Student and parent groups pushing Denver schools to hire counselors
Against a backdrop of rising youth suicide rates and disproportionately harsh discipline for black and Latino students, Denver teenagers and parents are calling for more mental health workers — and fewer police officers and security guards — in the city’s schools.
Over the past few months, the Denver Public Schools superintendent and school board heard from a 16-year-old high school junior who said he has attempted to take his own life 11 times. His school, he said, “had no resources to help me.”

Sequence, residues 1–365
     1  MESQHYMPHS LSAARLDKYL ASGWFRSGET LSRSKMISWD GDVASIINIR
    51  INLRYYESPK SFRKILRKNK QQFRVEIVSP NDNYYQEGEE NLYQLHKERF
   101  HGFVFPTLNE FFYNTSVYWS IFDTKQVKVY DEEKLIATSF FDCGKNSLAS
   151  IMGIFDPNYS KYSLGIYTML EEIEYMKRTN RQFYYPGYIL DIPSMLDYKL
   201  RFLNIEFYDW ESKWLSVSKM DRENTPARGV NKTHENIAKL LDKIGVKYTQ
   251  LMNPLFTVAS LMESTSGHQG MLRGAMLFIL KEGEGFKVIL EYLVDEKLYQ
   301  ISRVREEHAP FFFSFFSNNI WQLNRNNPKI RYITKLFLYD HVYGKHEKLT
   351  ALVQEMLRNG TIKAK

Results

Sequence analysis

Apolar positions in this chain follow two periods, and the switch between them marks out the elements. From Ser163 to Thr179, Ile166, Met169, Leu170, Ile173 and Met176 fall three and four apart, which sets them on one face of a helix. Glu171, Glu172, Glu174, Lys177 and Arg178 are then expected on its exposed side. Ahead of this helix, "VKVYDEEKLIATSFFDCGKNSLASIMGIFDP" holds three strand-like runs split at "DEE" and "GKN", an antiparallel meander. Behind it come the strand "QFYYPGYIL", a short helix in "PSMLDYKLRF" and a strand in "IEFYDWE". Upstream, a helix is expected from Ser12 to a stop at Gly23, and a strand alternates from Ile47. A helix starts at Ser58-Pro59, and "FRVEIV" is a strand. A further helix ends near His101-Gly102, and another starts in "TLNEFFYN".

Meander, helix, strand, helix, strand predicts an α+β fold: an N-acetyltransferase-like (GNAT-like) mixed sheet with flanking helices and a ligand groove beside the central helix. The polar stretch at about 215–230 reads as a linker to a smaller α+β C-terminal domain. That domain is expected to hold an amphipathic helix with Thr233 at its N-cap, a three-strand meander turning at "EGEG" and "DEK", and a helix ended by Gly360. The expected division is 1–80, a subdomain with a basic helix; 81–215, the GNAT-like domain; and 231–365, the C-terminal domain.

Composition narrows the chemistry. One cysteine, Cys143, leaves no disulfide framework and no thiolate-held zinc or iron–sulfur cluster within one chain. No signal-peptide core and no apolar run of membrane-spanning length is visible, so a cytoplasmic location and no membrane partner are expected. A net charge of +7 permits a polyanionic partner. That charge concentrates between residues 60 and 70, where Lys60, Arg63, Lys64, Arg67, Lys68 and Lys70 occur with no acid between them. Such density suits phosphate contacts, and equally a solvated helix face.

Eighteen-year-old senior Marlene Infante Sanchez recounted how despite her good grades and behavior, her high school labeled her a “bad kid” when her attendance dipped because she was dealing with issues at home. Instead of finding a way to support her, she said school administrators threatened to transfer her to another school.